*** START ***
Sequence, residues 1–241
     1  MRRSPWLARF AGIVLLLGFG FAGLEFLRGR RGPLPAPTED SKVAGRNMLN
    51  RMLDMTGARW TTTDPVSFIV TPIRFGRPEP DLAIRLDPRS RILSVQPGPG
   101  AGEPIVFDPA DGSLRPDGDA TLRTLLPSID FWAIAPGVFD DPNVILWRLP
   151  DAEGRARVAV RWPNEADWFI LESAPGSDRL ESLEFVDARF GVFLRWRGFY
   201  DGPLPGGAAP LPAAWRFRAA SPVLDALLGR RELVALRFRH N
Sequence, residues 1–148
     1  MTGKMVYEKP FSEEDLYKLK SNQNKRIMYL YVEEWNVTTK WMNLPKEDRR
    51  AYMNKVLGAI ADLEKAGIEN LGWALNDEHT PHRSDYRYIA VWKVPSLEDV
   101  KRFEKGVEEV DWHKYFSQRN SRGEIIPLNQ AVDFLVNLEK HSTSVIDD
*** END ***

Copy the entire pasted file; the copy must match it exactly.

Sequence, residues 1–241
     1  MRRSPWLARF AGIVLLLGFG FAGLEFLRGR RGPLPAPTED SKVAGRNMLN
    51  RMLDMTGARW TTTDPVSFIV TPIRFGRPEP DLAIRLDPRS RILSVQPGPG
   101  AGEPIVFDPA DGSLRPDGDA TLRTLLPSID FWAIAPGVFD DPNVILWRLP
   151  DAEGRARVAV RWPNEADWFI LESAPGSDRL ESLEFVDARF GVFLRWRGFY
   201  DGPLPGGAAP LPAAWRFRAA SPVLDALLGR RELVALRFRH N
Sequence, residues 1–148
     1  MTGKMVYEKP FSEEDLYKLK SNQNKRIMYL YVEEWNVTTK WMNLPKEDRR
    51  AYMNKVLGAI ADLEKAGIEN LGWALNDEHT PHRSDYRYIA VWKVPSLEDV
   101  KRFEKGVEEV DWHKYFSQRN SRGEIIPLNQ AVDFLVNLEK HSTSVIDD